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  1. Endogenous Choice of Institutional Punishment Mechanisms to Promote Social Cooperation.Anabela Botelho, Glenn W. Harrison, Lígia M. Costa Pinto, Don Ross & Elisabet E. Rutstrom - forthcoming - Public Choice.
    Does the desirability of social institutions for public goods provision depend on the extent to which they include mechanisms for endogenous enforcement of cooperative behavior? We consider alternative institutions that vary the use of direct punishments to promote social cooperation. In one institution, subjects participate in a public goods experiment in which an initial stage of voluntary contribution is followed by a second stage of voluntary, costly sanctioning. Another institution consists of the voluntary contribution stage only, with no subsequent opportunity (...)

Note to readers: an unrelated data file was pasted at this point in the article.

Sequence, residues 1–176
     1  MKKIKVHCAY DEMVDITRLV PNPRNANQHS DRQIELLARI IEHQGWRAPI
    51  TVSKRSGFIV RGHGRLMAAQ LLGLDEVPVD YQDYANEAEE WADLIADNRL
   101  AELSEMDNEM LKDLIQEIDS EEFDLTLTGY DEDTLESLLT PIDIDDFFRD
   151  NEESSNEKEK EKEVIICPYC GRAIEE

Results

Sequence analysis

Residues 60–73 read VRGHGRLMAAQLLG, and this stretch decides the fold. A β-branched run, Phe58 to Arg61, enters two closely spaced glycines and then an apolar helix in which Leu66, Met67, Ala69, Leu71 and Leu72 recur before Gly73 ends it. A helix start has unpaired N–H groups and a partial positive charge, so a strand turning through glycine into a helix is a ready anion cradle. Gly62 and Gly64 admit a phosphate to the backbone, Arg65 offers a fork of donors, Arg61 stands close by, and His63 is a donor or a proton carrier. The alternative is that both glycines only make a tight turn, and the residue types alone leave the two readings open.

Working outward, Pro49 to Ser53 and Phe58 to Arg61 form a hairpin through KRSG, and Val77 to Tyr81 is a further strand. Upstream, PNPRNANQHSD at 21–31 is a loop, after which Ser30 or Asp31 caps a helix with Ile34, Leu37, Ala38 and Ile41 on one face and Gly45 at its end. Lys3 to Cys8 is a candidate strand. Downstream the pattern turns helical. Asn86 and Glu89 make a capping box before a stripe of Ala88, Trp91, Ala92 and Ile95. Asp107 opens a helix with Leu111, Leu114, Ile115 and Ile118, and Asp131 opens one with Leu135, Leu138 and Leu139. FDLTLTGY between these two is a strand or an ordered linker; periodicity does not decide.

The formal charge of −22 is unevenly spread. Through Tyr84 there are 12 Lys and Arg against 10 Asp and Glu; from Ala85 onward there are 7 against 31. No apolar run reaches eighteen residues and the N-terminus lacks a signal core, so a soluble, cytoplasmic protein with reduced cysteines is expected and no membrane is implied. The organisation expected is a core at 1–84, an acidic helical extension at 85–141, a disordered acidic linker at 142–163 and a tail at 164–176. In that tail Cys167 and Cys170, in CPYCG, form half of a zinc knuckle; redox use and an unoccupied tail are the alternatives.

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  2. Why Arrow's Theorem Matters for Political Theory Even If Preference Cycles Never Occur.Sean Ingham - forthcoming - Public Choice.
    Riker (1982) famously argued that Arrow’s impossibility theorem undermined the logical foundations of “populism”, the view that in a democracy, laws and policies ought to express “the will of the people”. In response, his critics have questioned the use of Arrow’s theorem on the grounds that not all configurations of preferences are likely to occur in practice; the critics allege, in particular, that majority preference cycles, whose possibility the theorem exploits, rarely happen. In this essay, I argue that the critics’ (...)
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